Over the past twelve months, while Sterling has fallen against both the US$ and Yuan by 11%, overall the trade weighted index has fallen by only 1%, due again to the weakness of the Euro, against which Sterling has risen by 3%.

Given its great importance, the strength of Sterling against the Euro will have contributed to the startling growth of the UK current account deficit, which now stands at some 6% of GDP – the worst ever! It will also have contributed to the weakness of UK inflationary pressure. Alongside low oil prices, strong Sterling should be seen as one of the temporary contributors to current low inflationary environment.

When the Euro eventually strengthens, the value of Sterling could fall significantly and, together with domestic political factors – discussed here: https://drderrick.wordpress.com/2014/12/29/the-sterling-crisis-of-2015/ – may lead to an overshoot, leading to an undervalued Sterling. While exporters might welcome this, it would also increase inflationary pressures, and the likelihood of the Bank of England raising interest rates.

When this happens the anaesthetising effects of the current interest rate regime will begin to wear off, and the economy will slow.

December 29, 2014

The Sterling Crisis of 2015?

By all accounts, the UK general election to be held in May 2015 is too close to call. On May 8th the nation is expected to wake up to another coalition government, quite possibly composed of three or more Parties. While the composition of the new government cannot yet be foreseen, it seems most likely that either the Conservative Party or the Labour Party will be the senior partner in whatever coalition government emerges from post-election negotiations. While for political pundits this election may well be one of the most interesting in many years, the economic risks are daunting; two very dark economic clouds are on the horizon. The first is the issue of government debt reduction, and the second is the question of UK membership in the EU.

A left-wing coalition led by Labour would put aside for now the question of UK membership of the EU, as Labour, Liberal Democrats, Scottish National Party, and the Green parties are all pro-EU, but they are expected to commit to a much slower pace of deficit reduction than is proposed by the Conservatives. Slower spending cuts, alongside any increased borrowing and higher taxes that they may propose to finance government efforts to stimulate economic growth, may lead to a significant risk that markets may well begin to lose confidence in the government’s commitment or ability to address its growing debt problem, with potentially serious repercussions for the value of Sterling.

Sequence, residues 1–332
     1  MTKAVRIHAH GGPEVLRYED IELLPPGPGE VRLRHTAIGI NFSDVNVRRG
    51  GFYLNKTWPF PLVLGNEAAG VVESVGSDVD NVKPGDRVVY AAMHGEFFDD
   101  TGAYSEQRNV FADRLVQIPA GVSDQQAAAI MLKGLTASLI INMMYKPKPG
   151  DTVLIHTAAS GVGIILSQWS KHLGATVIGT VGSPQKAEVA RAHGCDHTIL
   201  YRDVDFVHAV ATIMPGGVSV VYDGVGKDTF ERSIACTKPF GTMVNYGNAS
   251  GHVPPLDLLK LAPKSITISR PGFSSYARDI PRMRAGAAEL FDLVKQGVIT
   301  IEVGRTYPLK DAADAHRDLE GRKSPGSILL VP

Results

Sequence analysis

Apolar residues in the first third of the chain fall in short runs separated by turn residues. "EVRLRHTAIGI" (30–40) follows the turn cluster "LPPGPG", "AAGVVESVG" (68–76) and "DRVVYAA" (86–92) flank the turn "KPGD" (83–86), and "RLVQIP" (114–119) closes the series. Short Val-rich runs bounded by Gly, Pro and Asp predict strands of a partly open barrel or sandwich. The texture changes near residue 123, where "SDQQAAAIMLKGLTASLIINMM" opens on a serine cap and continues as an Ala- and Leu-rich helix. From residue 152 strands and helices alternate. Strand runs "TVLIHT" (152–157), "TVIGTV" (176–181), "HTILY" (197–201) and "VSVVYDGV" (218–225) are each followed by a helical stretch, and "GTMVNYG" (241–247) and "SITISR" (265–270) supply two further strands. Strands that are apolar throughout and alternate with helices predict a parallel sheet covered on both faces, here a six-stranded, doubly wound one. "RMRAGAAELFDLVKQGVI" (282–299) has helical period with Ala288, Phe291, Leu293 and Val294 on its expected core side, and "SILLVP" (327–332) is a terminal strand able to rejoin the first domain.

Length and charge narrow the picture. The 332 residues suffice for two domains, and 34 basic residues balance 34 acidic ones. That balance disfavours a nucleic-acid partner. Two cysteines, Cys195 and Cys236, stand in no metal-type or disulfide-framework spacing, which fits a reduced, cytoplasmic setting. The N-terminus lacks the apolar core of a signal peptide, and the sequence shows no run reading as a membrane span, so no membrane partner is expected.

If the Conservatives are the senior partner in a more right wing coalition their deficit reduction plans may prove politically difficult to implement, leading to politically expedient delays. The Conservative plan to eliminate a £90 billion annual deficit over the course of the next Parliament will seriously affect the well being of a lot of people, and will not happen without a great deal of political opposition. Of similar danger to the deficit problem is the question of UK membership of the EU. Responding to popular disaffection with the EU – amply demonstrated by the rise of UKIP – the UK Prime Minister David Cameron has pledged to hold an in-out referendum on UK membership of the EU by 2017, if he is returned to Office in 2015. This will cause great uncertainty amongst investors as to what the “rules of the game” will be post 2017. Such uncertainty will depress investment in the UK economy, which will further constrain economic growth and exacerbate the political difficulties of meeting deficit reduction targets. Such a reversal of fortunes would again put pressure on the value of Sterling.

Over the past four years, through a combination of luck and contrivance, the current government has enjoyed a fragile recovery from the market crisis in 2007/08. That economic growth has been due almost entirely to an accumulation of household and government debt, supported by historically low interest rates, that has been used largely to maintain high levels of current consumption. While some moderation in the growth rate of the economy should be expected over the coming years, the election in 2015 poses the greatest domestic challenge the economy has faced over the past seven years. Whichever Party holds the senior position in the government after the elections in May 2015, there is a real risk of a Sterling crisis. Such a crisis in confidence in Sterling might be welcomed by exporters, but it would also exacerbate the extremely high current account deficit, increase consumer price inflation, and necessitate an increase in interest rates faster and further than would otherwise be implemented. If this happens, significantly weaker economic performance than is currently foreseen can be expected, including a return to recession.

November 6, 2014

Outlook for UK Farm Incomes Increasingly Challenging